Dig deeper with Forestry volunteers this Arbor Day

Published on November 04, 2021

people planting trees in a row

Did you know that the City of Fort Worth has a tree farm? It’s true, and we could not let Arbor Day pass by without mentioning the volunteers who donate their time supporting the Park & Recreation Forestry Division and the Rolling Hills Tree Farm.

In the 2021 fiscal year, more than 1,690 volunteers contributed 6,687 service hours to maintaining the farm and assist with community programs.

The Rolling Hills Tree Farm, located in south Fort Worth, is 71 acres and grows 30-35 species of native and adapted trees for distribution through two primary programs – the Community Tree Planting Program and the Tree Grant Program.

The goal of both programs is to provide trees at no cost to areas of Fort Worth that are either lacking in tree canopy or planting for succession in areas with aging trees.

At any time, there are more than 15,000 trees under cultivation at the farm, and nearly all of them are started from seeds collected locally. It’s believed that there are fewer than five municipal tree farms in the entire nation with the size and scope of Fort Worth’s. With the scale of the tree farm, the thousands of trees that require tending and a staff of five employees, volunteers are crucial to Fort Worth’s tree growing operation.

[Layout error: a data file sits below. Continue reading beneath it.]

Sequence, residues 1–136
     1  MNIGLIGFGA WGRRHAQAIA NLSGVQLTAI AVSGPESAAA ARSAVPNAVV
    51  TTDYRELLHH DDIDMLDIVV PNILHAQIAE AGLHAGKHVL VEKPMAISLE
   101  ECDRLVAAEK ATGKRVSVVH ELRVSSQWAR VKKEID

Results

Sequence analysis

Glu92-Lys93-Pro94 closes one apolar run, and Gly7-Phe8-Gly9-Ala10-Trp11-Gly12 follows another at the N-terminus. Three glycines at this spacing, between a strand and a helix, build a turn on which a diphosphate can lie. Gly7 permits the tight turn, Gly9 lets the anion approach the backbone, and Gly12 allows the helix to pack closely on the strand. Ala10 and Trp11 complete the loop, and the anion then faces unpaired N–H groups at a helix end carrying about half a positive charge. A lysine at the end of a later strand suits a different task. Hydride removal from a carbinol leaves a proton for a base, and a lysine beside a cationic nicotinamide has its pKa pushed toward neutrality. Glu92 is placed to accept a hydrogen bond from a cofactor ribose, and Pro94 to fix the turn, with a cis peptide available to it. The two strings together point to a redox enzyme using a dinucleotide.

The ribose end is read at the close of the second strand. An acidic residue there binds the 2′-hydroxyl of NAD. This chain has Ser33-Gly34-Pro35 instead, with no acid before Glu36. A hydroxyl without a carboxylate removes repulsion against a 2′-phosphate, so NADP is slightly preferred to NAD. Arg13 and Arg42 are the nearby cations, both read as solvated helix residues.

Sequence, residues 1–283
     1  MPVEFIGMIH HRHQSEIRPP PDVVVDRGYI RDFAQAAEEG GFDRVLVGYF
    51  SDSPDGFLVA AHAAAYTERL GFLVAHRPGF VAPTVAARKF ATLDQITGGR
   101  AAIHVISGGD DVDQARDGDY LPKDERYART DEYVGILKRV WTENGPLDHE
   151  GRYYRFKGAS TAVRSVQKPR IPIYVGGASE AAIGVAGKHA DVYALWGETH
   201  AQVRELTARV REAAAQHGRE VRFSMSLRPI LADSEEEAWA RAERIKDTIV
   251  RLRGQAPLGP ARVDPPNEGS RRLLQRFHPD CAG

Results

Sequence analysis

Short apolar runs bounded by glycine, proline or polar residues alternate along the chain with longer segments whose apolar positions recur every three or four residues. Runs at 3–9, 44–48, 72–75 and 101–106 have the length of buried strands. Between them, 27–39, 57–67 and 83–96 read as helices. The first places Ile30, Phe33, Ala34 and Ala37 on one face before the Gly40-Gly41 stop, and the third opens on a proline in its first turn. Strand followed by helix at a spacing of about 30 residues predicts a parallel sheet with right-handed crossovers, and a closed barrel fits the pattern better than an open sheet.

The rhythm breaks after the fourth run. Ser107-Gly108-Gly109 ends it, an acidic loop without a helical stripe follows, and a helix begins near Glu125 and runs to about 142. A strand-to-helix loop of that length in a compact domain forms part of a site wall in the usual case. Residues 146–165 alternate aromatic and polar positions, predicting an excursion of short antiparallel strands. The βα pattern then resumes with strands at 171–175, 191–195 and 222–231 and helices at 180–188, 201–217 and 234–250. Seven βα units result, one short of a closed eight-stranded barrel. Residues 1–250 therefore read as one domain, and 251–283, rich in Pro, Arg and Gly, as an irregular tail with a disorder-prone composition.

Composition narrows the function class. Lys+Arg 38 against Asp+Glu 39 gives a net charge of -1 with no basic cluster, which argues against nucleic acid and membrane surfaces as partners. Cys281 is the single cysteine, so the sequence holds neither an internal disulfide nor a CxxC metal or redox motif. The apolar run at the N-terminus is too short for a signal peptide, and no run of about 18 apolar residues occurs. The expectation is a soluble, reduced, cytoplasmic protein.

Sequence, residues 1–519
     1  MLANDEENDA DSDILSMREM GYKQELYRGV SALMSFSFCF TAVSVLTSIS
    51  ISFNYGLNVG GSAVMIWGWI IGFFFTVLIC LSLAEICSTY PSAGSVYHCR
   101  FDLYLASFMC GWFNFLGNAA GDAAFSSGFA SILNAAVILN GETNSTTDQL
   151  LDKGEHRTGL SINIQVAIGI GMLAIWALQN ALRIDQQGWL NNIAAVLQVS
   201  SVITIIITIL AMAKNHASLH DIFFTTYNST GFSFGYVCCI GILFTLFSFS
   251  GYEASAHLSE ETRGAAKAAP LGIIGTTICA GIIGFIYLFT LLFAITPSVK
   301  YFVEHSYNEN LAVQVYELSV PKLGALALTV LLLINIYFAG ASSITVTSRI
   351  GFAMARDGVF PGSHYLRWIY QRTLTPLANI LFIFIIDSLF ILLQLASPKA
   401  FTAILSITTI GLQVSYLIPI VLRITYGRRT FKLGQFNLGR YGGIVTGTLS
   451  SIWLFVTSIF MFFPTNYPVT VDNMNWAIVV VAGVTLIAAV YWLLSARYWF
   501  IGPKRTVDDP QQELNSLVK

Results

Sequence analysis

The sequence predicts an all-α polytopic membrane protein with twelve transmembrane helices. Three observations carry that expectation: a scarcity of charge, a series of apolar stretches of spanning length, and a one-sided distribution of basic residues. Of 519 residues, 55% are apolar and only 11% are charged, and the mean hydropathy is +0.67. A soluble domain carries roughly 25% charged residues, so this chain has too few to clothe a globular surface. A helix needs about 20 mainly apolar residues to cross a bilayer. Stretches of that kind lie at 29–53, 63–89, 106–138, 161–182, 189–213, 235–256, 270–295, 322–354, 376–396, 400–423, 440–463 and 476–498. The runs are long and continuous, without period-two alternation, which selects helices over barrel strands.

What do volunteers do?

Volunteers perform approximately 90% of seed starting and transplanting trees into larger containers or into growing fields for ball-and-burlap harvest. They also help with watering, weeding, fertilizing and organizing plant material.

While Forestry employees only plant trees on city-owned property, volunteers are needed to plant trees that are provided to other community organizations such as schools.

“Volunteers are really the heart of the Community Tree Planting Program. Those over 6,000 volunteer hours contribute tremendously to the operations of the tree farm,” said Natural Scientist Supervisor Hannah Johnson. “We couldn’t do it without their dedication.”

Many corporate groups, schools, community organizations and individuals have been seen helping out at the tree farm. The Forestry team also has Citizen Foresters, volunteers extensively trained in urban forestry. They are able to help assist in more technical areas such as pruning, site assessments and seed collection.

Fort Worth is Tree City USA

The City of Fort Worth has a longstanding relationship with trees dating back to the original charter in 1873. Fort Worth is the oldest and longest running Tree City USA in Texas, having earned the designation every year since 1978.

While Arbor Day is a spring observance in most parts of the country, Fort Worth and Texas celebrate on the first Friday in November.

To celebrate, Fort Worth is hosting a tree-themed geocaching adventure beginning Nov. 5. Swag will be available at each cache location, which will be in place and maintained through Jan. 3, 2022. Special awards will be available for those willing to solve a few puzzles and go the extra mile. To learn more, view the event page. 

Have question about Fort Worth trees or volunteer opportunities with Forestry? Email Hannah Johnson or call 817-392-7452.

 

 

Photo: Forestry volunteers transplant trees into growing fields for ball-and-burlap harvest.

 

 

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